GADTs have become a common feature of strongly typed functional programming languages. They are often presented as a weaker form of the inductive types seen in Coq or Agda. In both cases, constraints generated by pattern-matching allow one to generate equations that can be applied to types. However, there is an important difference: in OCaml or Haskell, unification can be used to refine syntactic equations on types, while this is not the case in Coq or Agda, where one cannot observe that type constructors are syntactically injective. This is a problem when one wants to translate code from a functional programming language to a type-theory based proof assistant, as a literal translation would not allow one to infer the necessary equations. This may be one of the reasons why existing automatic translators provide little or no support for GADTs. In this presentation we show how to avoid this problem by using a two-pronged translation, where OCaml types are mapped to an intensional representation, that preserves the deductive properties, which is itself interpreted into concrete Coq types, that allow computation. We also discuss what is further needed for an automatic translator.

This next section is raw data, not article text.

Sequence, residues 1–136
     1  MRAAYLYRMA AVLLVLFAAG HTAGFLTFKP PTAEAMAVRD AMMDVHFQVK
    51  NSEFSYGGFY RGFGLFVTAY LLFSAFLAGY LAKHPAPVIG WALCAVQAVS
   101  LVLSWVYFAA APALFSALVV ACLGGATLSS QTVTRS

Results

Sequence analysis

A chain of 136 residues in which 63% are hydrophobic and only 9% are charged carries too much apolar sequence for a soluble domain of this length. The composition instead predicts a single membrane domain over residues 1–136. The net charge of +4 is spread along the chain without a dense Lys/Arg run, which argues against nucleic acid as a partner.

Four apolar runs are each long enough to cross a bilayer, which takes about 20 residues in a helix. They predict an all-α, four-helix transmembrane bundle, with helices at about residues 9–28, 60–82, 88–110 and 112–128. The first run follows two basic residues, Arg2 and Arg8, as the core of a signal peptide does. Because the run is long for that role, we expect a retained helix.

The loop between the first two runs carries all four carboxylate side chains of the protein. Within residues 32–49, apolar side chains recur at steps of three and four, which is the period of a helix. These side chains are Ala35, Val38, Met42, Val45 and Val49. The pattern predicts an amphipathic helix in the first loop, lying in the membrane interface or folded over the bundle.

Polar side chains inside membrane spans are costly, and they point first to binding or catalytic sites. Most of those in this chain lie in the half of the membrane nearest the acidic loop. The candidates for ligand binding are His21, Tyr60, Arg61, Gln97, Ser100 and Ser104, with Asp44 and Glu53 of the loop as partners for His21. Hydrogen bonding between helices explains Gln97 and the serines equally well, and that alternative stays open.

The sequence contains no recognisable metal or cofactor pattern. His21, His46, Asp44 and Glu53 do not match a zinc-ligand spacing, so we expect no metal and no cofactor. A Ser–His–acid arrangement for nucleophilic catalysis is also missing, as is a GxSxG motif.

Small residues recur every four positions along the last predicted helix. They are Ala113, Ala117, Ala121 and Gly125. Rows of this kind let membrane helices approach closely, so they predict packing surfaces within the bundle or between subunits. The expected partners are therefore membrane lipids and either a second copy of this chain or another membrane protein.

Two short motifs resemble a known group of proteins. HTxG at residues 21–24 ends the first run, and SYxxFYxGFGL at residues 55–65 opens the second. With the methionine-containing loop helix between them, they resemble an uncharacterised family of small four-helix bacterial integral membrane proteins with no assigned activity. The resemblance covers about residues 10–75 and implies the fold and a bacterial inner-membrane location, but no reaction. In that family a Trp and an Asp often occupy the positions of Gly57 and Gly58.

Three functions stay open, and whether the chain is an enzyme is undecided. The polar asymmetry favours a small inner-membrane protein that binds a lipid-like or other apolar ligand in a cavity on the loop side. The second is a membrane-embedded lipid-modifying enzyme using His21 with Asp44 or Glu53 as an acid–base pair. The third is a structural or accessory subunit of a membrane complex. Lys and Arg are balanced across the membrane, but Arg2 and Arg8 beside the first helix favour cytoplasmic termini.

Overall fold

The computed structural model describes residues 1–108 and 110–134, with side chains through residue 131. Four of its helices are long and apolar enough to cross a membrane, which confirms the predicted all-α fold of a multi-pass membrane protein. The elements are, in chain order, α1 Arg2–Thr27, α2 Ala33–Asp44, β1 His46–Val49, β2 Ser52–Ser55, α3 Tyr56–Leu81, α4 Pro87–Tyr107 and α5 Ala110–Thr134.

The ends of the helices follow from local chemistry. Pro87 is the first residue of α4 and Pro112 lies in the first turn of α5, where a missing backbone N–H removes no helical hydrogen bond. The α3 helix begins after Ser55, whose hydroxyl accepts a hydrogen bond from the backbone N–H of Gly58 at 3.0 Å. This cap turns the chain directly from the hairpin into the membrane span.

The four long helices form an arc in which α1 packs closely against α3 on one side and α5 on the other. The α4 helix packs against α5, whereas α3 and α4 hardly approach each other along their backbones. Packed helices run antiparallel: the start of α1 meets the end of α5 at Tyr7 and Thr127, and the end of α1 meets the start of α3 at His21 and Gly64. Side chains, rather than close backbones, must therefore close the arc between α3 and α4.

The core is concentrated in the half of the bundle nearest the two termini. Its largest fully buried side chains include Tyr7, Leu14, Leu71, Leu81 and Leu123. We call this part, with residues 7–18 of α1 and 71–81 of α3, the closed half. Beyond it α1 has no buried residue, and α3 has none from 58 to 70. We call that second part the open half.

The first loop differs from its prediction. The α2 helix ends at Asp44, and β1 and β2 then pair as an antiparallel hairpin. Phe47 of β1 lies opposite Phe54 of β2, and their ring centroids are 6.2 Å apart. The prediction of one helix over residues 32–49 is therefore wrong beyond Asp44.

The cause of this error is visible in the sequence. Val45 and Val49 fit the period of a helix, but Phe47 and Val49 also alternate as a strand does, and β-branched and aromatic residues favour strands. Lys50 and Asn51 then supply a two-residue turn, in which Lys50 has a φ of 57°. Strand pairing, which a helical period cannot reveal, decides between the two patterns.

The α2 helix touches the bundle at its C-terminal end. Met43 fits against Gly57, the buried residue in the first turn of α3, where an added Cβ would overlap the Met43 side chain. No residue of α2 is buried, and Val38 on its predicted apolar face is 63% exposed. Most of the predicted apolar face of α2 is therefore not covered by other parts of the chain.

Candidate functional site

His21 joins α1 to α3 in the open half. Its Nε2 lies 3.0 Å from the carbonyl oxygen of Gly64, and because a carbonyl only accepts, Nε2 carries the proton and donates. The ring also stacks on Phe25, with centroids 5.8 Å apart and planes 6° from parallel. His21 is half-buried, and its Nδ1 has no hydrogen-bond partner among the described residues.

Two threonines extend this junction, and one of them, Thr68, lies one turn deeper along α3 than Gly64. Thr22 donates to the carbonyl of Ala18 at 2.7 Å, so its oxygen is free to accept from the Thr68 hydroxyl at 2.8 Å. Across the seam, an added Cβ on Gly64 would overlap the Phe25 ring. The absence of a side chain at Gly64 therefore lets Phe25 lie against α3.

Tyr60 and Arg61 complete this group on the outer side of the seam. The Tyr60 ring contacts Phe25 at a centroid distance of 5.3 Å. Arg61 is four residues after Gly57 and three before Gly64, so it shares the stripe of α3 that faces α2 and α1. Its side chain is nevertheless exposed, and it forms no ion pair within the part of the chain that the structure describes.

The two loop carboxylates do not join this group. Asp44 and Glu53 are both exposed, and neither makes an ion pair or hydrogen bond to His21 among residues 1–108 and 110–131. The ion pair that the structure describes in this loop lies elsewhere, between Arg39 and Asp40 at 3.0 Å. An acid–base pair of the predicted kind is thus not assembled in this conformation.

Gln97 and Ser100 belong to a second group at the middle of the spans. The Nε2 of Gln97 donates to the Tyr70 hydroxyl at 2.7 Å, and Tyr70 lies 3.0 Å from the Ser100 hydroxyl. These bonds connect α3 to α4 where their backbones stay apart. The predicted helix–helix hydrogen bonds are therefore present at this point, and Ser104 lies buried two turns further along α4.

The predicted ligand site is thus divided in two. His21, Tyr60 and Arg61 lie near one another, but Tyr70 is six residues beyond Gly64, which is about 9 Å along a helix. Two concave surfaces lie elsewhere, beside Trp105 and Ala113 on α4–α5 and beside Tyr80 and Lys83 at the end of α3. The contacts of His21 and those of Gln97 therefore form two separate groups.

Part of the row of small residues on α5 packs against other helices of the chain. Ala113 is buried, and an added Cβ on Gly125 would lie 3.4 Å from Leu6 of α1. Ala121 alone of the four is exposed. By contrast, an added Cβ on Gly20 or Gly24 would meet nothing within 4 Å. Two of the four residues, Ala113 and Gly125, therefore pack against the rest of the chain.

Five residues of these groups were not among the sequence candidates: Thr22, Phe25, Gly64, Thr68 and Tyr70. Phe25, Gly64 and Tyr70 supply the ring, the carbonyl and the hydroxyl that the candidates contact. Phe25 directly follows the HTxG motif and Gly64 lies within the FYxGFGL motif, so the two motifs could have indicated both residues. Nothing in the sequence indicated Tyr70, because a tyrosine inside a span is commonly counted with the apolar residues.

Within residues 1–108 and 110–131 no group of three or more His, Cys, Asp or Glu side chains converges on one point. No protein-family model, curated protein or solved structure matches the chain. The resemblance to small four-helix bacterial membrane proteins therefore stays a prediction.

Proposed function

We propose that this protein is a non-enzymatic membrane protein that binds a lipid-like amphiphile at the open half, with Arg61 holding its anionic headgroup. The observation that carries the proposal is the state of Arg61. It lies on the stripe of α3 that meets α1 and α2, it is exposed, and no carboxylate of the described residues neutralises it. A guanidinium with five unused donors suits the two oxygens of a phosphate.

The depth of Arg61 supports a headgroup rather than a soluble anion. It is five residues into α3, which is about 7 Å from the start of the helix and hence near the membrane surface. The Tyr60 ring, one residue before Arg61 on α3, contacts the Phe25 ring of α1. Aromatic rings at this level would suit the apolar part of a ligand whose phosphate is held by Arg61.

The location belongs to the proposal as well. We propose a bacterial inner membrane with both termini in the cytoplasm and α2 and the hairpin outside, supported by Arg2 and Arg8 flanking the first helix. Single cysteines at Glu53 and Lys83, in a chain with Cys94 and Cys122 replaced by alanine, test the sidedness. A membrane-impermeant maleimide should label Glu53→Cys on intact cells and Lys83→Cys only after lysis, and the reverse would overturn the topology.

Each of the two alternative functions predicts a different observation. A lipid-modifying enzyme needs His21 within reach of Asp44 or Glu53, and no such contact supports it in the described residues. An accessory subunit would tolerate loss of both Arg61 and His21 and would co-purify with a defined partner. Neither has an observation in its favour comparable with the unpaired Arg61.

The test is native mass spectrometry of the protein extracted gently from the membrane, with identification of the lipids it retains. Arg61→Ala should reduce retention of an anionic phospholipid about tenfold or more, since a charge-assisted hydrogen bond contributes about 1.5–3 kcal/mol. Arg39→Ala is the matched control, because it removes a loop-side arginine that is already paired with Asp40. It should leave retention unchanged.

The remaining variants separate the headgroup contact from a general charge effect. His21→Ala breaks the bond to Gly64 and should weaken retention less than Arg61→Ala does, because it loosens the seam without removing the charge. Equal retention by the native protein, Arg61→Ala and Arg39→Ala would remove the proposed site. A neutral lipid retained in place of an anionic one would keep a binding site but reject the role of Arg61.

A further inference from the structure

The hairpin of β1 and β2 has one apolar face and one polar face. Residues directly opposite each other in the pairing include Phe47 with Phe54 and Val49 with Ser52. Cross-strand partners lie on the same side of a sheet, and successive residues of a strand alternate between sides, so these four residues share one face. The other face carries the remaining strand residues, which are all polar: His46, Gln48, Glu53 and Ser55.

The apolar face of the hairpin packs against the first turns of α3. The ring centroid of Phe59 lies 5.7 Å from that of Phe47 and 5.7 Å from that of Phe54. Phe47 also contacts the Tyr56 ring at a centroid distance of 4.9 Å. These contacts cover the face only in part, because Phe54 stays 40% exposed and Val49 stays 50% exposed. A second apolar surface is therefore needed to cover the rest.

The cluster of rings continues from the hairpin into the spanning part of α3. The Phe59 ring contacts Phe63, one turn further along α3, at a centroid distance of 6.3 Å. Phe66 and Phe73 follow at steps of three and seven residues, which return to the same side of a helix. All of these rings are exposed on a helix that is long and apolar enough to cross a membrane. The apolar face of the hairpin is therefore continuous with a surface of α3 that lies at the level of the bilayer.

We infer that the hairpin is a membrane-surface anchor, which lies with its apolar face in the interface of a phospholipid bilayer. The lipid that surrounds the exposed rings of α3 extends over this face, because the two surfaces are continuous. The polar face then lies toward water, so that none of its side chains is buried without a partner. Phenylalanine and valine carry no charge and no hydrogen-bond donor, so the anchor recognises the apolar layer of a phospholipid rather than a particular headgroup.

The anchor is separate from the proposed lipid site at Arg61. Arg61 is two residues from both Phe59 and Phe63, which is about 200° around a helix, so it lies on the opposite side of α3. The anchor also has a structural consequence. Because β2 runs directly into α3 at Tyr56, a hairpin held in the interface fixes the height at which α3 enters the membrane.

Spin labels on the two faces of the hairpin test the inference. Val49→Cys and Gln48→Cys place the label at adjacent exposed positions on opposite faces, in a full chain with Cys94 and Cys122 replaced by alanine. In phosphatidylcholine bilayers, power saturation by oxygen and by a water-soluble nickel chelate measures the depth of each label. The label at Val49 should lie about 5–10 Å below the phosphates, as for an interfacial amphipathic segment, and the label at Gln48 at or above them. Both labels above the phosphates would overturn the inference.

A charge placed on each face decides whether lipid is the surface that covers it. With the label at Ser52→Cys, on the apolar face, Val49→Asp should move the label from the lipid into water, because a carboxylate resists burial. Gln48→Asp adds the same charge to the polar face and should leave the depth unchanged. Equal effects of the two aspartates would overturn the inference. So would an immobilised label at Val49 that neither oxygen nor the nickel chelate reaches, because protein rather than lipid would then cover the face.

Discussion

Thu 15 SepDisplayed time zone: Belgrade, Bratislava, Budapest, Ljubljana, Prague change
16:00 - 17:30
|Interpreting OCaml GADTs into Coq|
MLPre-print Media Attached File Attached
|Extraction to OCaml from Coq: Operational Correctness Verified in Coq|
Yannick Forster Inria, Matthieu Sozeau Inria, Pierre Giraud Inria, Team Gallinette, Pierre-Marie Pédrot INRIA, Nicolas Tabareau InriaFile Attached
|Verify, but test: extracting property-based tests from F* specifications|